Wednesday, May 11, 2011


I am humbled today.

One of the most sensitive and sometimes difficult facets of the healthcare profession is dealing with those patients who have very contagious diseases, some of which have a stigma associated or general public attitude toward them. Aside from the contagion, along with these diseases might come ulcerations, foul odors, decay, deformities--all manners of unpleasantness. It is human nature to recoil away from these things, and yet my calling in life asks me to instead reach toward them, with a smile on my face and healing in my hands. I must confess--sometimes this is not the easiest thing to do.

What does the Bible say on this issue?

In Mark 1:40-42, the following is recounted: "And a leper came to Jesus, beseeching Him and falling on his knees before Him, and saying, "If you are willing, You can make me clean."
Moved with compassion, Jesus stretched out his hand and touched him, and said to him, "I am willing; be cleansed." Immediately the leprosy left him and he was cleansed."

A couple of things to note here: first of all, this has many implications, at least that is what I think. There is the surface one, which I am looking to today--of Jesus' compassion, his lack of hesitation to reach out and touch this man whose disease was painfully evident to all those around him. A second implication would be the parallel of this man's leprosy to our sin and uncleanness before God. That is a whole 'nother topic that should probably be explored by someone more qualified than myself. But I just have to reflect on this whole healing business. In case you are not familiar with leprosy, William Barclay describes it as such: "The whole appearance of the face is changed, till the man loses his human appearance and looks, as the ancients said, "like a lion or a satyr." The nodules grow larger and larger. They ulcerate. Become staring. The voice becomes hoarse, and the breath wheezes because of the ulceration of the vocal chords. The hands and the feet always ulcerate. Slowly the sufferer becomes a mass of ulcerated growths. The average course of the disease is nine years, and it ends in mental decay, coma, and ultimately death. The sufferer becomes utterly repulsive - both to himself and to others."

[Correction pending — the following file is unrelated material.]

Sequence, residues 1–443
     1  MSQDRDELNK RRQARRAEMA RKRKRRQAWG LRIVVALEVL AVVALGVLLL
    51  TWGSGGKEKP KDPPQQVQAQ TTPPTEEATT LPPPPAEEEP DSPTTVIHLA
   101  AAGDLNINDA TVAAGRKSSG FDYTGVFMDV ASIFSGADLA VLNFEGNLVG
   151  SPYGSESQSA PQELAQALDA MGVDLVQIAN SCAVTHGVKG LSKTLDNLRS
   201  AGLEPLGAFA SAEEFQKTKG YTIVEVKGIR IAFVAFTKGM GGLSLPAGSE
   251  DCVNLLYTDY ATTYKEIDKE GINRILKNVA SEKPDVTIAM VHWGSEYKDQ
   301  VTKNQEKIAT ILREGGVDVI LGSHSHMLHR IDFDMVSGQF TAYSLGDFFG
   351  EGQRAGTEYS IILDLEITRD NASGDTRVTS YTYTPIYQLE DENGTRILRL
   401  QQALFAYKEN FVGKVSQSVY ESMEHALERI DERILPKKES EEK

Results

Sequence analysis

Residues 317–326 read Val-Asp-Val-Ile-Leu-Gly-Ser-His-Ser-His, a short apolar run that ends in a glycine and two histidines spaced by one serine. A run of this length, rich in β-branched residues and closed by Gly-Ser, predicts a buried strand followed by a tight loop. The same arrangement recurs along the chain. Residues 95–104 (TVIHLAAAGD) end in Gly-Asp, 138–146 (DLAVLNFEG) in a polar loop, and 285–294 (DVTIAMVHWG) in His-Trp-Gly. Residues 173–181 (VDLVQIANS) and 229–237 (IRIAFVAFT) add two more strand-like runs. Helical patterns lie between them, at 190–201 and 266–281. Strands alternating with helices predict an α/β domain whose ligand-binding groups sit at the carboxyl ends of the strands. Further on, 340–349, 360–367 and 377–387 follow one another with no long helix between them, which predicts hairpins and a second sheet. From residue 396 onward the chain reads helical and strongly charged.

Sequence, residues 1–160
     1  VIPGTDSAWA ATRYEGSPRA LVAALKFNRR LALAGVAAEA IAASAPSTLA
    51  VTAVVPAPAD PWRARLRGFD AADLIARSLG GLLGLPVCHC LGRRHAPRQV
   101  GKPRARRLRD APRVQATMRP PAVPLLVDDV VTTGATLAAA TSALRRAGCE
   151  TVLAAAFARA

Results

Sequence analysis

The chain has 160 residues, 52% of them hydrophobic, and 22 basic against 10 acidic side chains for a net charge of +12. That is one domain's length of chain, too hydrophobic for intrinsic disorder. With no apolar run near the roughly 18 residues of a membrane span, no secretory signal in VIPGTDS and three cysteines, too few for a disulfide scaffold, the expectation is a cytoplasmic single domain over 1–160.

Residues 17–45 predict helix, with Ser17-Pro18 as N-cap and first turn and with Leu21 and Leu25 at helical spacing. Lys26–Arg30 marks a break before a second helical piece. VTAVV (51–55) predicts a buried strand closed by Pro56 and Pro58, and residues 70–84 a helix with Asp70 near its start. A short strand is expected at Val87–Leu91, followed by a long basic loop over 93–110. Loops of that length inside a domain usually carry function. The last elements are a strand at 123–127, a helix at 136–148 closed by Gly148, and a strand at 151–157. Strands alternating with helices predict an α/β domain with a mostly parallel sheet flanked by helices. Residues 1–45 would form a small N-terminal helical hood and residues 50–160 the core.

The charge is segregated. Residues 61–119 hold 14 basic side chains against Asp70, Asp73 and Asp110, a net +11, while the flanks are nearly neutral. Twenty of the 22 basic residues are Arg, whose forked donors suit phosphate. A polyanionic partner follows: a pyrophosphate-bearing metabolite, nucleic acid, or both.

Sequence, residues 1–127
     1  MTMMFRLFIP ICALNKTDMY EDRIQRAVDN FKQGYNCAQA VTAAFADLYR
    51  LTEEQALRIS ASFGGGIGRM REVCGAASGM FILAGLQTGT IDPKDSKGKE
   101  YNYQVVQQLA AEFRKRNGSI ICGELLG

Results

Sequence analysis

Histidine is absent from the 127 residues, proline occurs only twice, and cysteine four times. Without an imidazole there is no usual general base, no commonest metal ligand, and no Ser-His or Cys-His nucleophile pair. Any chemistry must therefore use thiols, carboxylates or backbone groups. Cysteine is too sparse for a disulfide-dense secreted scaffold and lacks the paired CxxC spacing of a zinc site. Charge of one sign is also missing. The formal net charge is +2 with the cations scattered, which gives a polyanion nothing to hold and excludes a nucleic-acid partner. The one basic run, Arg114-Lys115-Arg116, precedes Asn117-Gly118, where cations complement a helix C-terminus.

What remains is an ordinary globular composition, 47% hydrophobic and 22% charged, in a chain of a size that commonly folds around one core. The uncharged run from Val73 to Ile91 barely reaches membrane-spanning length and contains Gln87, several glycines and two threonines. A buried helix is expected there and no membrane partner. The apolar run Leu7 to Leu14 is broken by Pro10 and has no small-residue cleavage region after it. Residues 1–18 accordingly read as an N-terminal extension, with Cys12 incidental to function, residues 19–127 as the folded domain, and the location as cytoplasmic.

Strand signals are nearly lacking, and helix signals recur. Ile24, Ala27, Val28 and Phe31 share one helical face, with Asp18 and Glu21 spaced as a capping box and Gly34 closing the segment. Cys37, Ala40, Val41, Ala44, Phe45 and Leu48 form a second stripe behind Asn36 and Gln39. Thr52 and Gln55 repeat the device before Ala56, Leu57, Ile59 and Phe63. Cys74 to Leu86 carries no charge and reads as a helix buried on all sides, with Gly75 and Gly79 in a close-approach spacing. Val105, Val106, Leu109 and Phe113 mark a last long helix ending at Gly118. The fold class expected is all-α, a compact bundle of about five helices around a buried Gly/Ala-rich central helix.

There was a stigma associated with leprosy. Lepers were declared "unclean" by the religious authorities of the day and were forbidden to come into the temple. They were ostracized. Social outcasts, separated from their families and friends, and forced to live in communities of only other people with their disease or one like it.

Can you imagine?

And Jesus, in his love and compasson, didn't hesitate a second to reach out and touch this man. This man with a contagious, incurable disease. A disease that created unpleasant smells, distasteful sights. A man whom no one else in the community would get near, let alone touch, for fear of catching it.

Now--if I truly believe what I say I do--then I know that this man's physical disease pales in comparison to my spiritual one. God sees our pitiful spiritual state just as we view the physical one of this leper. And He not only reaches down to touch me, but sacrificed his most precious, precious One, so that I could be clean.

Surely I can reach out and touch another, with warmth and surety, using the skills I have for healing--and with a lack of hesitation--knowing that the same has been done for me, and is done for me, every day of this life on earth.

Something to think about.

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